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Recipes Salad Wilted Spinach Salad with Kamut
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Wilted Spinach Salad with Kamut E-mail
Written by Whole Grain Gourmet   
Saturday, 17 May 2008 20:06

kamut spinach salad

On a beautiful spring day, perhaps nothing makes a better lunch than a salad that is at once refreshing and hearty. Something that will give you the nutrients and energy to get through an active outdoor day without slowing you down. This morning, I awoke inspired to whip up a hearty grain salad for lunch. A trip to the market yielded some yellow squash, fresh mushrooms, red onions, and red pears. My local health food store recently started carrying Kamut so it seemed like an appropriate time to experiment with it.

Kamut is an ancient grain which, some claim, was first cultivated more than 6000 years ago in the Nile river valley. Kamut is richer in protein, vitamins, minerals, and essential lipids than modern wheat varieties. It is characterized by a milder, more buttery flavor.

I prepared the Kamut a day in advance and, after tasting it, decided that it would work well with some sauteed vegetables over wilted spinach. I chose to caramelize the squash and red onions, pan roast the sliced garlic, and lightly brown the mushrooms. I then created a warm balsamic vinaigrette in the same pan, thus incorporating all of the brown bits from the onions and garlic. Red pear introduces some sweetness for balance. Pecorino Romano punctuates it all with delicious bursts of salty goodness.

The result was a delightfully fresh, nutritionally rich, and satisfying lunch with a Tuscan leaning. We really enjoyed it as a vegetarian meal, but it would work well if complimented with grilled meat. At a glance, it may appear to be a lot of work. However, aside from boiling the kamut, it all happens sequentially in a single pan.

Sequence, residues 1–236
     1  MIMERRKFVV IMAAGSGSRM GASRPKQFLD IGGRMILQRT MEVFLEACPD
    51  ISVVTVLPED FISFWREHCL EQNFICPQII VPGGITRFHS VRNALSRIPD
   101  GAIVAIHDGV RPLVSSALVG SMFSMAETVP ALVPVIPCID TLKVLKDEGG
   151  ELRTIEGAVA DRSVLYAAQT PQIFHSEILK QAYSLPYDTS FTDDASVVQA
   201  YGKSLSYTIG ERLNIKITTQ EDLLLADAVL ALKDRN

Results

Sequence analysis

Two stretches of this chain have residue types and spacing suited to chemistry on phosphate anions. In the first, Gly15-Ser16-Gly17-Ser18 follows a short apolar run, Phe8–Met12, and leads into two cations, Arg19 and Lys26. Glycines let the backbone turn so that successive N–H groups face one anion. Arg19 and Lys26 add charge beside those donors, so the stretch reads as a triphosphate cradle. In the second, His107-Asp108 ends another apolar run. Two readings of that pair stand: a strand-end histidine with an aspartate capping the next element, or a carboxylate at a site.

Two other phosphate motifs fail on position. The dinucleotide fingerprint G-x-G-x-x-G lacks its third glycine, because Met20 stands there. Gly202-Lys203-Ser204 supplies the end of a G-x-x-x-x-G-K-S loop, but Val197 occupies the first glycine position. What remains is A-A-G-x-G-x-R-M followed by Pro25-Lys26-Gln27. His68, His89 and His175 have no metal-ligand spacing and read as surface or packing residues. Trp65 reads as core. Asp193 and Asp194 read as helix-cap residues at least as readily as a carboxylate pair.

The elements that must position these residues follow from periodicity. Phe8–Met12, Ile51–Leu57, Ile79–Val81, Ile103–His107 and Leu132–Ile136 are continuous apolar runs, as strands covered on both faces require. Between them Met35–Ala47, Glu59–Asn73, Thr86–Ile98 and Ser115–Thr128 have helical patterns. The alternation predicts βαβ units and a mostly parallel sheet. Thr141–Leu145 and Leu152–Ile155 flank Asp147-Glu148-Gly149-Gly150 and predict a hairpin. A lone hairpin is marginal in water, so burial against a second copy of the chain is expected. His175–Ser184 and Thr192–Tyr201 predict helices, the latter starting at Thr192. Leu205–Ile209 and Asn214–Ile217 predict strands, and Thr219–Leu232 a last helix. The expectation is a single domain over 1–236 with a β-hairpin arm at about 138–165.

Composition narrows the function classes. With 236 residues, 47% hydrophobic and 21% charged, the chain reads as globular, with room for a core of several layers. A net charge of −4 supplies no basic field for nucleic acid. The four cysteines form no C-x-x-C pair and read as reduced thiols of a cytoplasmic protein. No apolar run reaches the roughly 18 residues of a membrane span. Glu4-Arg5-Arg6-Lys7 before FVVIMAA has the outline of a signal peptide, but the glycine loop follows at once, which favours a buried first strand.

Wilted Spinach Salad with Kamut and Sauteed Vegetables

Ingredients:

  • 1 cup uncooked kamut, soaked overnight in cold water
  • 3 cups fresh baby spinach
  • 1 medium red onion, sliced 1/4"
  • 3/4 lb yellow squash, sliced 1/4"
  • 8 oz mushrooms, sliced thinly
  • 1/3 cup pine nuts, toasted
  • 1/4 cup cubed Pecorino Romano
  • 6 garlic cloves, sliced thinly
  • 1 red pear, cored and sliced thinly
  • 2 tsp Kosher salt
  • fresh ground pepper to taste
  • 1/4 cup extra virgin olive oil, plus extra to saute
  • 2-3 Tbsp Balsamic vinegar

Preparation:

  1. Place the kamut in 4 cups water, bring to a boil, reduce the heat to a simmer and allow to cook for 50-60 minutes. Drain and allow to cool slightly at room temperature.
  2. Place the sliced squash in a medium bowl and toss with 1 tsp kosher salt. Allow it to rest at room temperature for 30 minutes. This will draw out much of the water which would otherwise prevent the squash from caramelizing. Drain the squash and pat dry.
  3. Heat two tablespoons of olive oil in a large sauteuse over medium heat. Add the squash and saute for about two minutes until one side begins to brown, turn over and saute the other side for an additional two minutes, or until lightly brown. Remove from pan and set aside in a large bowl (you will build your salad in this bowl).
  4. Add the sliced onion to the pan and saute until it begins to caramelize. Remove from pan and set aside with the squash.
  5. Repeat step 4 with the garlic. Reduce the heat slightly.
  6. Add another tablespoon of olive oil to the pan. Add the sliced mushroom and stir in pan for one minute. Add one tablespoon of Balsamic vinegar and stir. Allow mushrooms to lightly brown and then remove and set aside with the squash.
  7. Remove the pan from the heat. Add up to 1/4 cup of olive oil to the pan (*you might scale this back a little if you were heavy handed with the oil while sauteing) and 1-2 tablespoons of Balsamic vinegar. Stir to incoporate the brown bits into the warmed dressing. Pour over the sauteed vegetables. Add the pine nuts and kamut. Toss well.
  8. Add the spinach, sliced pear, and 1 tsp of kosher salt and toss well, allowing the spinach to wilt.
  9. Garnish each serving with some of the cubed Romano. Sprinkle with fresh ground black pepper, and salt if desired, to taste.  

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